You might not think much about how your air conditioner works, but it relies on refrigerant to keep your residence cool. This refrigerant is subject to environmental laws, since it contains chemicals.
Depending on when your air conditioner was added to your home, it may require R-22, R-410A or R-32 refrigerant. We’ll discuss the differences and which air conditioner refrigerants are being phased out in Litchfield Park, plus how these phaseouts affect you.
What’s R-22 and Why Is It Discontinued?
If your air conditioner was installed before 2010, it probably contains Freon®. You can discover if your air conditioner uses it by contacting us at 623-208-6444. You can also look at the name plate on your air conditioner condenser, which is situated outside your residence. This sticker will have information on what kind of refrigerant your AC needs.
Freon, which is also known as R-22, contains chlorine. Scientists consider Freon to be damaging to the earth’s ozone layer and one that contributes to global warming. The Environmental Protection Agency, which governs refrigerants in the United States, barred its manufacture and import in January 2020.
I Use an Air Conditioner with R-22. Do I Need to Get a New One?
It varies. If your air conditioning is cooling fine, you can continue to keep it. With routine air conditioner maintenance, you can expect your system to last around 15–20 years. However, the Department of Energy notes that removing a 10-year-old air conditioner could save you 20–40% on yearly cooling bills!
If you don’t get a new air conditioner, it may lead to a problem if you require air conditioning repair in the future, specifically for refrigerant. Repairs might be pricier, because only small quantities of recycled and reclaimed R-22 is accessible.
With the phaseout of R-22, most new air conditioners now rely on Puron®. Also known as R-410A, this refrigerant was made to keep the ozone layer in good shape. As it needs a varying pressure level, it doesn’t work with air conditioners that use R-22 for cooling.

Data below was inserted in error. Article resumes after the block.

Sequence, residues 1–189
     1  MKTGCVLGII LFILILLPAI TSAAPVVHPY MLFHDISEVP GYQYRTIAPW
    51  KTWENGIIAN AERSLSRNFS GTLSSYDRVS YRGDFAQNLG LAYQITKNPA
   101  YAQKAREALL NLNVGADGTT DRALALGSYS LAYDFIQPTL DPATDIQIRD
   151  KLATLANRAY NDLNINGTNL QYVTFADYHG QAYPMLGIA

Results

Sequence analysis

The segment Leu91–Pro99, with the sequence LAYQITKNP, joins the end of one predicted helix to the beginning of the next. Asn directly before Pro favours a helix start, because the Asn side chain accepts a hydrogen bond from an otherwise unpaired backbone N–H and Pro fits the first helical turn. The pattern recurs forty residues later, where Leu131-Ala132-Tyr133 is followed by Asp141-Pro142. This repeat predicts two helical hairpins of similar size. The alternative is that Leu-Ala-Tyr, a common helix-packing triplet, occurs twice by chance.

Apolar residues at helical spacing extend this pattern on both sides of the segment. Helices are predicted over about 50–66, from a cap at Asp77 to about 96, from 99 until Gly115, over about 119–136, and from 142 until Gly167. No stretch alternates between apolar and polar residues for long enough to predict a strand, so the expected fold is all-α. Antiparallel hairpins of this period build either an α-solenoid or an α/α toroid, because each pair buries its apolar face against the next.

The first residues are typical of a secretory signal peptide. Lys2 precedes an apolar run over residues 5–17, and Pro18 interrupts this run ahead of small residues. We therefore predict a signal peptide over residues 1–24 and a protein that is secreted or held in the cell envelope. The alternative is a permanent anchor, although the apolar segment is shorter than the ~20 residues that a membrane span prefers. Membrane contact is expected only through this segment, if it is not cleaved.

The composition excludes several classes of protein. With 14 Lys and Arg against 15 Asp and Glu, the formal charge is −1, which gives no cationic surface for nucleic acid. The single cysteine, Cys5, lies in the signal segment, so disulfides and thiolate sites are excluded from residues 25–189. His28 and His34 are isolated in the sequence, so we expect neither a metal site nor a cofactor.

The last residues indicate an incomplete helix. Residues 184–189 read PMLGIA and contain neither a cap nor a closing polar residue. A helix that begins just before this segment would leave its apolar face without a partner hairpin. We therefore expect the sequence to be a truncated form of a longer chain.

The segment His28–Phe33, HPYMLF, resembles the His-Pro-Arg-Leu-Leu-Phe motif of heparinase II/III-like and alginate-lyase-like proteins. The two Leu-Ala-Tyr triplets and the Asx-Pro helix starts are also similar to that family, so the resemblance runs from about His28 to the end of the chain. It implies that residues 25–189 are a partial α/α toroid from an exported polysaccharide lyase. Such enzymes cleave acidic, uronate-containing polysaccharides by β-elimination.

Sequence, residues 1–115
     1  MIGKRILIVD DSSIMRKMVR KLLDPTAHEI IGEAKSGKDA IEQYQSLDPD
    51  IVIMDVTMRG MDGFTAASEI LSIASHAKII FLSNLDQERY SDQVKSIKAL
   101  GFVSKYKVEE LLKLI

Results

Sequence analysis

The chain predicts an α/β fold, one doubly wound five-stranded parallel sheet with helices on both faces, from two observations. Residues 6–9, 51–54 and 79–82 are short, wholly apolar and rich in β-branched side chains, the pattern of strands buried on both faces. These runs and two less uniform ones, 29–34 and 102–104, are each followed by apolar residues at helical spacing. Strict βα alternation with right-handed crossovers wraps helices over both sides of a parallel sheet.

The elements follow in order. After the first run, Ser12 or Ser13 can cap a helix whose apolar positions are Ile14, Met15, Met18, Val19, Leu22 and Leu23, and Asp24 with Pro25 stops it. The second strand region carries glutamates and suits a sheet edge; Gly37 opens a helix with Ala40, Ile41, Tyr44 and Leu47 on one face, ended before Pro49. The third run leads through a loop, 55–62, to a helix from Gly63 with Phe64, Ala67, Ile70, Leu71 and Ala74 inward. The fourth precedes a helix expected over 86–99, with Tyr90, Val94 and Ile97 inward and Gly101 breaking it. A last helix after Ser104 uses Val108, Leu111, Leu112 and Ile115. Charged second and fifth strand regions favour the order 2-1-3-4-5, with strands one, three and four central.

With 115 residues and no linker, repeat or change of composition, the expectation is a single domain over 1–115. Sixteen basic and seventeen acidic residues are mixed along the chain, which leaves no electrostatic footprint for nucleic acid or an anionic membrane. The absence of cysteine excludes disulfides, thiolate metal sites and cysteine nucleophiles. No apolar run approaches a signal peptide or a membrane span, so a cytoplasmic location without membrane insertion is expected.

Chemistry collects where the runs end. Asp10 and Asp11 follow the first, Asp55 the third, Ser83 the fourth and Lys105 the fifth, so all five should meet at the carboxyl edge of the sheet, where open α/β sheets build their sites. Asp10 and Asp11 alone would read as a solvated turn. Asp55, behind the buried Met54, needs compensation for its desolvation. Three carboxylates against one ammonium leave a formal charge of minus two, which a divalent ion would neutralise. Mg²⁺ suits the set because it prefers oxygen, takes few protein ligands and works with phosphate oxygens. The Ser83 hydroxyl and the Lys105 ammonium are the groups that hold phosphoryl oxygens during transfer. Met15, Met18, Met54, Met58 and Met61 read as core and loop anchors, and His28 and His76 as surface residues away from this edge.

However, Puron still has the potential to contribute to global warming. As a result, it could also eventually be discontinued. Although it hasn’t been communicated yet for residential air conditioners, it’s likely sometime this decade.
What Refrigerant Will Take Over R-410A?
In preparation of the end, some manufacturers have started using R-32 in new air conditioners. This refrigerant rates low for global warming likelihood—around one-third less than R-410A. And it also decreases energy consumption by around 10%, according to the Intergovernmental Panel on Climate Change’s Fourth Assessment Report. That’s savings that might be sent on to you through your cooling bills.
Cooler Tymes LLC Can Help with All Your Air Conditioning Needs
In summary, the modifications to air conditioner refrigerant probably won’t impact you very much until you have to have repairs. But as we discussed beforehand, refrigerant-related repairs might be more costly due to the restricted quantities that are accessible.
In addition to that, your air conditioner often breaks down at the worst time, often on the hottest day when we’re receiving many other requests for AC repair.
If your air conditioner requires an outdated refrigerant or is more than 15 years old, we suggest upgrading to an up-to-date, energy-efficient air conditioner. This provides a stress-free summer and may even reduce your cooling costs, especially if you select an ENERGY STAR®-rated air conditioner. Plus, Cooler Tymes LLC offers many financing programs to make your new air conditioner fit your budget. Contact us at 623-208-6444 to get started now with a free estimate.